U.S. State Department Warns Against Travel To Venezuela

The U.S. State Department issued a travel advisory warning Americans against traveling to Venezuela because of crime, civil unrest, kidnapping,?and the?arbitrary enforcement of local laws.

The U.S. State Department stated that homicide, armed robbery, kidnapping, and carjacking are common in Venezuela, along with violent political rallies and demonstrations, which include tear gas, pepper spray, and rubber bullets used against participants, along with looting and vandalism.

The advisory is a Level Four travel advisory, meaning Americans should not visit the country. The State Department said Americans should reconsider traveling there because of wrongful detentions, terrorism, and poor health infrastructure.

Security forces have detained U.S. citizens for up to five years. The U.S. government is also not generally notified of the detention of U.S. citizens in Venezuela or granted access to U.S. citizen prisoners there. Finally, authorities also say Colombian terrorist groups operate in Venezuela's border areas with Colombia, Brazil, and Guyana.

In March 2019, the State Department withdrew all diplomatic personnel from the U.S. Embassy in Caracas and suspended operations.?This means if a U.S. citizen in Venezuela now required emergency assistance, the U.S. government would not be able to help. "Why Americans should avoid traveling to this popular South American country" www.khou.com (May 24, 2024).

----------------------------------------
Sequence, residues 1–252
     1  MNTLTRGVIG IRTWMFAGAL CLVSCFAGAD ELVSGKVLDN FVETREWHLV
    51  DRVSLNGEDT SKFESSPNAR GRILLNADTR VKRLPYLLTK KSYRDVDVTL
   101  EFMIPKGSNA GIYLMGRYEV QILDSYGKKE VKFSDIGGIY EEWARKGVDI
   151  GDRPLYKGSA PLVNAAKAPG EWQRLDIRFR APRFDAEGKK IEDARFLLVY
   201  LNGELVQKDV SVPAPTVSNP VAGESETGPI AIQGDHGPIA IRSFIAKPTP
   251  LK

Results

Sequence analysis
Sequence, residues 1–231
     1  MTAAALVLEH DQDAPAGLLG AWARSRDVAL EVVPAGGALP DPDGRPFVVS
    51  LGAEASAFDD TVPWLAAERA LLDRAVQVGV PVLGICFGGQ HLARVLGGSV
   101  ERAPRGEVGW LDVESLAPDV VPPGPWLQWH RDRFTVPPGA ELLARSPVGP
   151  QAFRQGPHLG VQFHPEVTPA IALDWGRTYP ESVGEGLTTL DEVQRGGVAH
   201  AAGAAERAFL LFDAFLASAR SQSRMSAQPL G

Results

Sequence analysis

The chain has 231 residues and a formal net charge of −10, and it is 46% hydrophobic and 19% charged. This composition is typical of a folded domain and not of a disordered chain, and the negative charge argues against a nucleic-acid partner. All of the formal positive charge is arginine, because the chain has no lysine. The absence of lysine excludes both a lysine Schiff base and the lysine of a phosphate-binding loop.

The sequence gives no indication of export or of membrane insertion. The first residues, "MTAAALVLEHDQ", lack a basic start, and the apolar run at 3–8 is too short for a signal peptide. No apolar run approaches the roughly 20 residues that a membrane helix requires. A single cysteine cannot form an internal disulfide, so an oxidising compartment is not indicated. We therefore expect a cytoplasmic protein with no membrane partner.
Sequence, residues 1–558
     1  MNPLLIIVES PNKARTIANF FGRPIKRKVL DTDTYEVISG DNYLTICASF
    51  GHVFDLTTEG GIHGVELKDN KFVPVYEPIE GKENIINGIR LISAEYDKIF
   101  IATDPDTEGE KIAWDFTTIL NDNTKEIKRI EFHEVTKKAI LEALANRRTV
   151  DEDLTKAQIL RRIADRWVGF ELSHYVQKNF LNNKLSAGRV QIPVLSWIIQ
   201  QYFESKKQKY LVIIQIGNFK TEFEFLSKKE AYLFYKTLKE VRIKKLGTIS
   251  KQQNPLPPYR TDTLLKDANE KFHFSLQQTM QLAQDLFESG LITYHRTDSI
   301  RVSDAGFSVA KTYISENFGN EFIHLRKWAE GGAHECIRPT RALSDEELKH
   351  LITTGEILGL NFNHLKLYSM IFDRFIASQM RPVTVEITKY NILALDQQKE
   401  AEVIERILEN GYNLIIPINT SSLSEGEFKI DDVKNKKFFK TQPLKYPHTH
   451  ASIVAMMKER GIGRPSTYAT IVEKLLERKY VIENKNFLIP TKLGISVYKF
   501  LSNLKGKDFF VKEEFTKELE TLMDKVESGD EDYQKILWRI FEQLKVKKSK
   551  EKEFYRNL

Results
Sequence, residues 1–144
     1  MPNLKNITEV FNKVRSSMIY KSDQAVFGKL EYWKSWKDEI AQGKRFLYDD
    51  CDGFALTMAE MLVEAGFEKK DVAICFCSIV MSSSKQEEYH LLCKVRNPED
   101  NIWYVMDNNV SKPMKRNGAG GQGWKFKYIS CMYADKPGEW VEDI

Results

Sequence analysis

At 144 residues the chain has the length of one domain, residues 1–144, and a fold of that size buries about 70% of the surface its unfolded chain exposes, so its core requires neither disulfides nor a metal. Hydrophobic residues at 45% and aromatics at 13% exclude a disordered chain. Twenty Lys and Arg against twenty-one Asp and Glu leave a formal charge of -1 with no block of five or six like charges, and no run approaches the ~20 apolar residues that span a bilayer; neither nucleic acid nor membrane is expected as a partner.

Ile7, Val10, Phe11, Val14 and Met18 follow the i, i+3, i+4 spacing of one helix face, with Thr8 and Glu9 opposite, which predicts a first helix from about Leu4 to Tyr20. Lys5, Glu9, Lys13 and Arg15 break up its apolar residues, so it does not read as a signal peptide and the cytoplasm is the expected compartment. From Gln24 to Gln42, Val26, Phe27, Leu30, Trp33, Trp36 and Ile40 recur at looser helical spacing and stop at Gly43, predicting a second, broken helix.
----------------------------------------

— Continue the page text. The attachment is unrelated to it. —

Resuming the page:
Here are additional specific travel precautions for Venezuela.

  • U.S. citizens are warned to avoid all land border crossings into Venezuela on the Colombian border.
  • Be prepared for the high risk of indefinite detention without consular access.
  • Avoid travel between cities or between Simón Bolívar International Airport and Caracas at night.
  • Do not take unregulated taxis from the airport.
  • Avoid ATMs in this area.
  • Consider hiring a professional security organization.

In general, when traveling for work or personal reasons, take precautions.

  • Develop a communication plan with your employer and family or host organization.
  • Establish a "proof of life" protocol with your loved ones, so that if you are taken hostage, your loved ones know specific questions (and answers) to ask the hostage-takers to be sure that you are alive (and to rule out a hoax).
  • Develop a contingency travel plan that does not rely on U.S. government assistance. Keep travel documents up to date and easily accessible.
  • Bring a sufficient supply of over-the-counter and prescription medicines for the duration of travel.
  • Consider purchasing medical evacuation insurance.

One resource is an app called SafeAround, which compiles and analyzes data from several public sources to make a safety index that ranks about 140 cities around the world for safety. Another security specialist, International SOS, now has added a mental health risk layer to its risk assessment map.

Register with the U.S. State Department's Smart Traveler Enrollment Program (STEP), which is a free service allowing U.S. citizens and nationals traveling and living abroad to enroll their trip with the nearest U.S. Embassy or Consulate. Enrollees will receive important information from the Embassy about safety conditions in their destination country. STEP allows the U.S. Embassy to contact you in an emergency, whether that arises from a natural disaster, civil unrest, or a family emergency. Remember to check to see if the embassy nearest you is operational, unlike the one in Venezuela.

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